Instead, Gigi bargains for each day. “Recently we had a mule which had been hit by a car. Its owner said it had to start ploughing on Monday. I said it needed more time, and he kept coming back, asking when it would be ready, and I would ask for another day or two. I’m constantly bargaining.”
For a mule or donkey owner who depends on the animal for his family’s livelihood, the loss of it can be devastating. So the role the Fondouk plays is an essential one of making sure that the animals can continue. And, on a larger scale, the Fez Medina would not be what it was without them.
Started in 1927 by American tourist Amy Bend Bishop, the American Fondouk is the only American equine hospital operating in Morocco. There are ten others, run by the British organisation Spana. The American Fondouk is overseen by a board and relies for its funds on private donations. As running costs are around $25,000 per month, this is a considerable commitment.
|Dr Gigi Kay|
Judging by the number of well-heeled types still coming to the clinic with their pets, word hasn’t yet got around. “We still euthanize animals if it’s medically essential,” she says.
The Fondouk treats around 20 animals a day that come through its doors and another 20 which are held in recovery stalls. The two vets and eleven other staff are constantly busy. “It should really be a three vet practice,” she says.
Lots of injuries they attend to are mules and donkeys that have run-ins with cars; abscesses and wounds caused by hobbles and inappropriate harnesses and colic from animals eating plastic bags. The clinic’s resources are modest, but Gigi has plans to make the stalls bigger and to have a proper operating area. The clinic will shortly get a weighing machine so they can better judge the amount of anesthetic to administer.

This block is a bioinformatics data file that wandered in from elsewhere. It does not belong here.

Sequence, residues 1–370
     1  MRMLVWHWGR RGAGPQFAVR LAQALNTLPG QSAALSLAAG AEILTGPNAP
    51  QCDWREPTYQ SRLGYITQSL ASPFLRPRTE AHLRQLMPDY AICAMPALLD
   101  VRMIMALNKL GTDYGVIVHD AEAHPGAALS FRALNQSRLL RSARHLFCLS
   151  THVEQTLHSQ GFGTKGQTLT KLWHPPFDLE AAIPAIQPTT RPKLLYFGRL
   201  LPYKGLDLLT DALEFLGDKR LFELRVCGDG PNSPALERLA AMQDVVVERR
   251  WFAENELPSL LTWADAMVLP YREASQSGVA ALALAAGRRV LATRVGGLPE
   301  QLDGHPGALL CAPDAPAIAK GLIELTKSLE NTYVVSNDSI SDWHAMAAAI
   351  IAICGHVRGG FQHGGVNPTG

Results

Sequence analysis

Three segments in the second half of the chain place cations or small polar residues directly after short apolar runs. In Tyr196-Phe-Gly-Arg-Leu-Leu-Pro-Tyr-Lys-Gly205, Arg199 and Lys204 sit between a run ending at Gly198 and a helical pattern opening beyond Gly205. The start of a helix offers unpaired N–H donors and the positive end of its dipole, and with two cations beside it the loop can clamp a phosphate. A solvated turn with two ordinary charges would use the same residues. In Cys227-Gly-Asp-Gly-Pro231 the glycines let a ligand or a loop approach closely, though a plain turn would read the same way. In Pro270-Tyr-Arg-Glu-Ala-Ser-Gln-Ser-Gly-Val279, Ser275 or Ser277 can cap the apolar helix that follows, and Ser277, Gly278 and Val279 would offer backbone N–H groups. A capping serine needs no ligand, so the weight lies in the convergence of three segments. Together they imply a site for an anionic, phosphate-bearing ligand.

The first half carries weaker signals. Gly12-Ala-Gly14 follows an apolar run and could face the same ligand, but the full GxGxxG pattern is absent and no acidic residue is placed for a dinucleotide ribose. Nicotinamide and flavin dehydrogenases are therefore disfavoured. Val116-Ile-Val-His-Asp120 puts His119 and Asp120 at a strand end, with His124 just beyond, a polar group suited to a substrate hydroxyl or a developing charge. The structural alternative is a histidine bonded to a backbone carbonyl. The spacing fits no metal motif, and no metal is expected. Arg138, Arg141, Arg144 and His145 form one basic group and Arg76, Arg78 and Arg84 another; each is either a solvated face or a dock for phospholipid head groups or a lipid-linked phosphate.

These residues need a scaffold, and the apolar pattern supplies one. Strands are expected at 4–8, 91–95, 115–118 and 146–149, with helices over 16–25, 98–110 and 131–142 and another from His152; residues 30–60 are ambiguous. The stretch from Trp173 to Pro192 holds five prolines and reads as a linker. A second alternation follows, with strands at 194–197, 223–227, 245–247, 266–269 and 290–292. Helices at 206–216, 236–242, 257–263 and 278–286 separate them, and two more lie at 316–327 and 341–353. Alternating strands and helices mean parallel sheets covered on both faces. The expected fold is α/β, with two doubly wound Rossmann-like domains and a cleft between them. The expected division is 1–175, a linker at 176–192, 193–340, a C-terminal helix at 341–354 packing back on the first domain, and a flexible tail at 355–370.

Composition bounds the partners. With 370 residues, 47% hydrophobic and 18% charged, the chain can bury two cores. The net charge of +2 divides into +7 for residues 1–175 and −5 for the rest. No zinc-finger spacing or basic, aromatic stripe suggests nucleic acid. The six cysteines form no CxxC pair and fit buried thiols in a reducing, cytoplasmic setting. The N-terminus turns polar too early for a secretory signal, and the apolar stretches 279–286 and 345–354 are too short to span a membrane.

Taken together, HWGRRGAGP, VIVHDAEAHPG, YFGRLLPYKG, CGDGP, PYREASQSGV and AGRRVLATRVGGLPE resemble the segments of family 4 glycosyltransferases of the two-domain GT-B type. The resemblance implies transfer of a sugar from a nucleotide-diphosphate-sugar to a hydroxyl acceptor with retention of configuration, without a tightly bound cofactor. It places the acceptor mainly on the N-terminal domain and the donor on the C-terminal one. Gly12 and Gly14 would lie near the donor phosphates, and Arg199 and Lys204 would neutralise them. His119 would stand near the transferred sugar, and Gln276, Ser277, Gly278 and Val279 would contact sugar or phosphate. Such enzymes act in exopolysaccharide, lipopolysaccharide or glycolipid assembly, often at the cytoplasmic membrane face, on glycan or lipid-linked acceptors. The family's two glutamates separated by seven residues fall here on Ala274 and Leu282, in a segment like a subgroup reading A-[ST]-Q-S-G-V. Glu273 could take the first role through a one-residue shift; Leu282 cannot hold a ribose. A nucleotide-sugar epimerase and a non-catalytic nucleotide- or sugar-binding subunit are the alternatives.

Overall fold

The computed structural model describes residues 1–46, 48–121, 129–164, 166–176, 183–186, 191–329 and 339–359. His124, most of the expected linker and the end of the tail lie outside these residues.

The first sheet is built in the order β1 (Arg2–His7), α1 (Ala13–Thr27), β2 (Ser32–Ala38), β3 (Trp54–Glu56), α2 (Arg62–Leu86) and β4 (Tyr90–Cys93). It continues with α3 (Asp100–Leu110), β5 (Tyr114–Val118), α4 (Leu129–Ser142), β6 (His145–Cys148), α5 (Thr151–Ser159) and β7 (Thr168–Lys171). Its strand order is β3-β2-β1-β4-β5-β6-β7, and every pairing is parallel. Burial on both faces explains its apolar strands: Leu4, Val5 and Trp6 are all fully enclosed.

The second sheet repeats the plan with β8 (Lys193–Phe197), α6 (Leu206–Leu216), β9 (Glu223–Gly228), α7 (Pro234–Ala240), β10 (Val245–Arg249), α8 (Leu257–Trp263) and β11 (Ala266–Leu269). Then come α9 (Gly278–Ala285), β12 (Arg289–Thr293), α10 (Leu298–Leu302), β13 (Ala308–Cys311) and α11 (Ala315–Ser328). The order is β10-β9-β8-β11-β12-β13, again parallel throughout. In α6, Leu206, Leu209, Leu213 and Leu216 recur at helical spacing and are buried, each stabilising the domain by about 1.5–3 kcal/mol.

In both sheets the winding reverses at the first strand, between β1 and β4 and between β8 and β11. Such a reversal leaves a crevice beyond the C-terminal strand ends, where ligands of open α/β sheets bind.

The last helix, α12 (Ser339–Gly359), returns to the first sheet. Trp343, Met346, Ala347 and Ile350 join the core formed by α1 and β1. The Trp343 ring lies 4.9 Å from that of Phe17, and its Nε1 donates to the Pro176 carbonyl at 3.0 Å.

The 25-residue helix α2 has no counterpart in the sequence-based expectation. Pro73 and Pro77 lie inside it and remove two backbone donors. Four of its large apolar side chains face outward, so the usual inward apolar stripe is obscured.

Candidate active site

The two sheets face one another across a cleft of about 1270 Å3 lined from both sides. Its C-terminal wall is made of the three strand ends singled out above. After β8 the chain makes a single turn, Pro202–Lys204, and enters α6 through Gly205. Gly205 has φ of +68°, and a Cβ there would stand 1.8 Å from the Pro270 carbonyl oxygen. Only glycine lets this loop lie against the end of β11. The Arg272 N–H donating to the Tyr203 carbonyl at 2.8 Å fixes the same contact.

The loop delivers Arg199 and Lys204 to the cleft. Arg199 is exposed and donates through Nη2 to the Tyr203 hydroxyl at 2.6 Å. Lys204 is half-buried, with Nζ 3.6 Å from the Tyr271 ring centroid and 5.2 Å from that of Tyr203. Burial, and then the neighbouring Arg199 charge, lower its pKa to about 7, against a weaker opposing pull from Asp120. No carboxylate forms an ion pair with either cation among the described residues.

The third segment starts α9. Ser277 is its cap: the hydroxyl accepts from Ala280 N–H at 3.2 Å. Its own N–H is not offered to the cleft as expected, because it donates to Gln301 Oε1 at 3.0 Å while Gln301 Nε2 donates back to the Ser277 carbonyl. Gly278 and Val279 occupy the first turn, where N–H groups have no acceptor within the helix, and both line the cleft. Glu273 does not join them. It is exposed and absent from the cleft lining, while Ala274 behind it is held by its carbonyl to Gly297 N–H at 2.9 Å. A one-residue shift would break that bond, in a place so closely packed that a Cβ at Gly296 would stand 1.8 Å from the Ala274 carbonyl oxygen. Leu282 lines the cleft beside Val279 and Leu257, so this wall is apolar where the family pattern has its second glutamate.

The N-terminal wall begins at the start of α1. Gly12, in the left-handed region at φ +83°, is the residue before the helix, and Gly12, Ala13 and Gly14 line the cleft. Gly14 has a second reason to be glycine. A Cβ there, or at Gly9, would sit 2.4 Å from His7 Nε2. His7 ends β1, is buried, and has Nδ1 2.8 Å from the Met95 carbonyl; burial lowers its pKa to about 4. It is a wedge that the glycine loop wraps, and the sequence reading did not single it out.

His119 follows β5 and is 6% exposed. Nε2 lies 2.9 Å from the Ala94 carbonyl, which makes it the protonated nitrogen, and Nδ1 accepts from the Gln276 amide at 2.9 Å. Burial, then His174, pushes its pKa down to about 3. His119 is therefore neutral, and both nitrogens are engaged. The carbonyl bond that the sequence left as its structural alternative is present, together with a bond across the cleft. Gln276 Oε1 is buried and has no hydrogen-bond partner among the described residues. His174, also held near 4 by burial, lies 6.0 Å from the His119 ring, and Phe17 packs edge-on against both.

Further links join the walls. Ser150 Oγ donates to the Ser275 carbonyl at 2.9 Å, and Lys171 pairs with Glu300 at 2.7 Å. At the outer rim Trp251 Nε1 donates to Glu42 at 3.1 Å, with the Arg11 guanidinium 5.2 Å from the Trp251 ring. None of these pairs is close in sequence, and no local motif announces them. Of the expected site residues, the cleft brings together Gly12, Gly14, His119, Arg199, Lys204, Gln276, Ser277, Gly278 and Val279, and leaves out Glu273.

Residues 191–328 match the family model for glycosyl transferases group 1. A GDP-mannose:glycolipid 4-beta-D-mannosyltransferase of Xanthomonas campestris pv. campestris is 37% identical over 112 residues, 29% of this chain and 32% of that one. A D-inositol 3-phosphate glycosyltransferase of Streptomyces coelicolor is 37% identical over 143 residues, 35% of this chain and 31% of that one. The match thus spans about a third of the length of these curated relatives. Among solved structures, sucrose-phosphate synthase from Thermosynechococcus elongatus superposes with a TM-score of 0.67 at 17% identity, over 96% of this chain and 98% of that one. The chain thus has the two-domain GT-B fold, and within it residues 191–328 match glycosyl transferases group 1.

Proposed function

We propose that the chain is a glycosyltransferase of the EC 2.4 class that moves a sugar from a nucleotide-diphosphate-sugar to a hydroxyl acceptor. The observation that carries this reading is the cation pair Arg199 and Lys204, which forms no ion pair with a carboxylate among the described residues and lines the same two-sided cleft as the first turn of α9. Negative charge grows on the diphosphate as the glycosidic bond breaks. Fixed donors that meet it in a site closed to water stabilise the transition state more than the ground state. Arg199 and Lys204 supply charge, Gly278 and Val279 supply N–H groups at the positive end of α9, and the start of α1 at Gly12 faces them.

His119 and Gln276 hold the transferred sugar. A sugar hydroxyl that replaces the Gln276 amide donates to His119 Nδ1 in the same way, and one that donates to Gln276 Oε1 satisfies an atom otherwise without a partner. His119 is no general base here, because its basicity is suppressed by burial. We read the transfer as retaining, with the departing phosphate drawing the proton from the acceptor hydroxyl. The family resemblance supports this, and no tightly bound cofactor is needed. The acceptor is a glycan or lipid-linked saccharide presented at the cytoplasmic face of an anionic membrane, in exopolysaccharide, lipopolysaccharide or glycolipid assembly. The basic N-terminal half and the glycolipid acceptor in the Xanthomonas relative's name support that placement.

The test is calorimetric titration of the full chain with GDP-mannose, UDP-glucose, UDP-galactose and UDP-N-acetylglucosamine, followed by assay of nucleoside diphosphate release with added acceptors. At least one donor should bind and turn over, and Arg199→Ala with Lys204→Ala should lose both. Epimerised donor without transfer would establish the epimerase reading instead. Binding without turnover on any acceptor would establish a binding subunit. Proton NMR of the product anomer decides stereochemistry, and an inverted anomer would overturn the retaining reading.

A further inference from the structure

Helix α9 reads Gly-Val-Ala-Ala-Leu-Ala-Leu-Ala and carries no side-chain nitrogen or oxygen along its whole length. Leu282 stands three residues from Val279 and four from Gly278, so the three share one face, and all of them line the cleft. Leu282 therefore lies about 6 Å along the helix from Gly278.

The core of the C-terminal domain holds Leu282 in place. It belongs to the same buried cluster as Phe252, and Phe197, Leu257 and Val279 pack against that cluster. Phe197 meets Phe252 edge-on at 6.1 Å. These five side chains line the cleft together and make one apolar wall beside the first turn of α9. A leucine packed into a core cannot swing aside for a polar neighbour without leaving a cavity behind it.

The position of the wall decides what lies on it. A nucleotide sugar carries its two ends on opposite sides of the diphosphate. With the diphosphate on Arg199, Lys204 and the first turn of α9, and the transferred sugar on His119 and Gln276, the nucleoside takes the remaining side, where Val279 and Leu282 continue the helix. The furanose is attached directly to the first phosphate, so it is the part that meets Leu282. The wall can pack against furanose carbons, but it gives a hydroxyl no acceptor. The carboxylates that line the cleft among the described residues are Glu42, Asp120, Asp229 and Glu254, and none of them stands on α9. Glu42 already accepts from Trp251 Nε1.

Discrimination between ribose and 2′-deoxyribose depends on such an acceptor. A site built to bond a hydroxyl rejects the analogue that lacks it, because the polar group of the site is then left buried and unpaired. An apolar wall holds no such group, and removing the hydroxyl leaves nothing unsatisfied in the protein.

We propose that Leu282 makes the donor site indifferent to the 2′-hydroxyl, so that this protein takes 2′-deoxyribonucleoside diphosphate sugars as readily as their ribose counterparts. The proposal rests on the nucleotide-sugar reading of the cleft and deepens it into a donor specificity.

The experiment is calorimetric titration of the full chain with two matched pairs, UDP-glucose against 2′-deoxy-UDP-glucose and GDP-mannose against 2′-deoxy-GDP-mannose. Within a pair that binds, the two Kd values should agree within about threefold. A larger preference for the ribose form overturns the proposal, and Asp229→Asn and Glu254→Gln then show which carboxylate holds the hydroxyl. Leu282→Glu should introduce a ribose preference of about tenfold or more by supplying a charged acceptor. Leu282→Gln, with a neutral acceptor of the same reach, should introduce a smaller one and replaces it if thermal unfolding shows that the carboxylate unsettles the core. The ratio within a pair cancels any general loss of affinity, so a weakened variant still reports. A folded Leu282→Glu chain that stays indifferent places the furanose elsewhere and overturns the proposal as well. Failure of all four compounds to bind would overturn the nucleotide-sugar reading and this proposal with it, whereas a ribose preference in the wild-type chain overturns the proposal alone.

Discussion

Before beginning at the American Fondouk in August, Dr Gigi Kay was the Veterinary Director for a working equid hospital in Luxor, Egypt and before that, Veterinary Director of Spana in Morocco. Originally from England, she was brought up in the Middle East. Her family was constantly on the move, with her diplomat father and archaeologist mother. “I always wanted to be with horses, even before I could walk,” she says.
Gigi was 17 when she first came to Morocco for three years, then spent five years living here when she was with Spana. She is married to an English doctor, Dick Hooper, and has recently returned from a stint in Sydney.
She enjoys the personal care she is able to give her patients at The American Fondouk.
“This is an ideal job for me,” Gigi says. “I like making broken animals better.”
Dr Gigi Kay wants to encourage tourists to visit, with the aim that the Fondouk can generate some of its own money through donations.
The American Fondouk is open from 8am to 4pm. Anyone, including tour groups, is welcome to visit, but be prepared to give a donation. The animals of Fez depend upon your generosity.
See the American Fondouk Website here. or phone them on 066 5794400.
Photos and story: Suzanna Clarke